Mr Martin: The member for Algoma is absolutely right: I'm speaking about some of the people who work for Mike Harris in his office. That happens to be the Premier's office, just in case the member doesn't understand that. You should get a handle on what's going on here and who actually is in charge and running the shop.
Mr Martin: What about Leslie Noble? "Campaigned in 1978 for New York Congressman Jack Kemp" - is there a pattern developing here? Is there a bit of a trend? - "an ardent free-marketer and eventual vice-presidential candidate on the Bob Dole ticket in the 1996 American federal election; self-employed co-owner of Strategy Corp, a private public relations company located in the Ernst and Young Tower in downtown Toronto; played a major role in the drafting of the Common Sense Revolution document; co-ran Mike Harris' successful 1995 provincial election campaign; regarded as the conciliator of the Harris election team." It goes on.
What about Bill Young? "Bill Young, CEO of Consumers' Distributing, was an important contributor to the Common Sense Revolution document. A rugged individualist whose company took advantage of a government social program known as bankruptcy protection. Young high-tailed it over the border after Consumers' went belly-up; last seen working as a consultant in Cambridge, Massachusetts. As one journalist wag commented, `Apparently, there was not enough "dynamic growth in new jobs" in Harris' Ontario to keep him here.'"
What about Jamie Watt? "Jamie Watt, advertising whiz and former press liaison for Mike Harris, was in his younger days caught trying to shore up his Oakville-based clothing business with forged cheques amounting to $16,000. Fortunately" - and Mr Runciman would be interested in this - "this occurred before the establishment of boot camps; our Jamie served out his time in relative comfort and brevity; 20 nights in jail, with freedom during the days, at a minimum security penal institution."
What about Deb Hutton? There's a name that should ring a bell. Her claim to fame is around one issue that she was supposedly managing: "adviser to Mike Harris, is a central figure in events leading to the fatal shooting of...Dudley George during an Ontario Provincial Police light-brigade-style charge on unarmed aboriginal occupiers of sacred burial grounds at Ipperwash Park in 1995. According to the minutes whose existence the province at first denied, the OPP were instructed at a crucial government meeting - Hutton was present as representative of the Premier's office - to remove the natives from Ipperwash quickly and in the best way they knew how. Until legally compelled to produce the minutes, Queen's Park also denied that any OPP action regarding Ipperwash was discussed at the meeting. Despite all that, and the subsequent charging of the OPP killer of George with criminal negligence, calls for a public inquiry into the Ipperwash affair and Hutton's specific role in it - about which she has been silent - have so far been denied. Compare this to the Harris administration's haste to set up a probe into last year's much less serious clash between OPSEU picketers and the same OPP," and the haste that was taken to also bring my colleague, Peter Kormos, to court over an incident at the family support plan office.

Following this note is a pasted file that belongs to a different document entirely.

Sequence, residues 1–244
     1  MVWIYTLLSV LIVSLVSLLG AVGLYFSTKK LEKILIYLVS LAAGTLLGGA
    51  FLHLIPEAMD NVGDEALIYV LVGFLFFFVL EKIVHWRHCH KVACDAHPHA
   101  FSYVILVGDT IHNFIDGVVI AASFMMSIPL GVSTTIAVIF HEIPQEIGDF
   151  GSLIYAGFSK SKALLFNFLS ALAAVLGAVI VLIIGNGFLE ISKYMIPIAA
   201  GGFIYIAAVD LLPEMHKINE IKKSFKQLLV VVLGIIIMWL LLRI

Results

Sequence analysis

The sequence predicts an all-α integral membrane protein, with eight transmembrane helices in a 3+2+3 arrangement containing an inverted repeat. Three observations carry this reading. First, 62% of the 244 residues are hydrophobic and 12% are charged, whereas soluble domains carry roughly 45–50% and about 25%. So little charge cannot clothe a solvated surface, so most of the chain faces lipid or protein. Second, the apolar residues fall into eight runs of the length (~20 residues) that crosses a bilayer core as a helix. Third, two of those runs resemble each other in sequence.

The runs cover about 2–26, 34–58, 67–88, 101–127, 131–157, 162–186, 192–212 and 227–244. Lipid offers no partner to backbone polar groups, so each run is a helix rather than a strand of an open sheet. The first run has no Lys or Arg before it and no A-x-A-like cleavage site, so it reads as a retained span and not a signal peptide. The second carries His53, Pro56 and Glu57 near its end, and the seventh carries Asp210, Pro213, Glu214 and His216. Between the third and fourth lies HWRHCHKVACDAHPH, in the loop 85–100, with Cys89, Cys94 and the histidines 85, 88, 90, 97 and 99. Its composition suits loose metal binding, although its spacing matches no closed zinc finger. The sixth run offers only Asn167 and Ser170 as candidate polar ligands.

Last but not least, let's take a look for just a second at a favourite of the member for St Catharines, the infamous Guy Giorno. Who is Guy Giorno? Who is this infamous minion in the back rooms of Premier Mike Harris's office? This is just a little brief titbit on Guy. From the people I talked to, he's a bit of a legal lackey.
"Guy Giorno is a legal and policy adviser to Mike Harris and former lawyer with Hicks, Morley, a law firm specializing in, among other things, taking management's part against labour. Hicks, Morley's halcyon days were during the Davis era, when it had a lock on the job of conducting labour negotiations for the Conservative government. When this function was put out for proper tender under the Peterson and Rae governments, the firm was left out in the cold. But soon after Mike Harris' election victory Hicks, Morley was soon securely back in its former saddle. The Harris administration, without a formal tendering process, awarded the firm a $15,000-a-month contract to head up negotiations with the Ontario Public Sector Employees Union, (OPSEU) that eventually culminated in a bitter strike. Allegations of patronage swirled around Giorno, who had been given a paid leave of absence by Hicks, Morley to work on Harris' campaign. Finally, he was the one put in charge of assembling odious omnibus Bill 26."